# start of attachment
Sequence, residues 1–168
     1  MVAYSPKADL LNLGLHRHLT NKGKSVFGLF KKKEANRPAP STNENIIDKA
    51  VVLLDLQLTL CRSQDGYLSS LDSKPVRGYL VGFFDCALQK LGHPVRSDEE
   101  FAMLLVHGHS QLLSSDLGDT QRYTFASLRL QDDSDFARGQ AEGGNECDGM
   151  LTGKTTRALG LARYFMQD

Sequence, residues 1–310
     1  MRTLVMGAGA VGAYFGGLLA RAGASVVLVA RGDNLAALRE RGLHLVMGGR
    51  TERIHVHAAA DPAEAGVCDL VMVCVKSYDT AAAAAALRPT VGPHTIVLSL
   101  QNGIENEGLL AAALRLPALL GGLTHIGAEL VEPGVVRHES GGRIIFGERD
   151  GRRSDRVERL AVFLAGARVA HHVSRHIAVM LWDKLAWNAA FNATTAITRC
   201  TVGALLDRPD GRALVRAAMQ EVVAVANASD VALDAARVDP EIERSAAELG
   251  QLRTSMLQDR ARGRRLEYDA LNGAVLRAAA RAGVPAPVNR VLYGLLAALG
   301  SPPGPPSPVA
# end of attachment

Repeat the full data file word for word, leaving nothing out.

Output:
Sequence, residues 1–168
     1  MVAYSPKADL LNLGLHRHLT NKGKSVFGLF KKKEANRPAP STNENIIDKA
    51  VVLLDLQLTL CRSQDGYLSS LDSKPVRGYL VGFFDCALQK LGHPVRSDEE
   101  FAMLLVHGHS QLLSSDLGDT QRYTFASLRL QDDSDFARGQ AEGGNECDGM
   151  LTGKTTRALG LARYFMQD

Sequence, residues 1–310
     1  MRTLVMGAGA VGAYFGGLLA RAGASVVLVA RGDNLAALRE RGLHLVMGGR
    51  TERIHVHAAA DPAEAGVCDL VMVCVKSYDT AAAAAALRPT VGPHTIVLSL
   101  QNGIENEGLL AAALRLPALL GGLTHIGAEL VEPGVVRHES GGRIIFGERD
   151  GRRSDRVERL AVFLAGARVA HHVSRHIAVM LWDKLAWNAA FNATTAITRC
   201  TVGALLDRPD GRALVRAAMQ EVVAVANASD VALDAARVDP EIERSAAELG
   251  QLRTSMLQDR ARGRRLEYDA LNGAVLRAAA RAGVPAPVNR VLYGLLAALG
   301  SPPGPPSPVA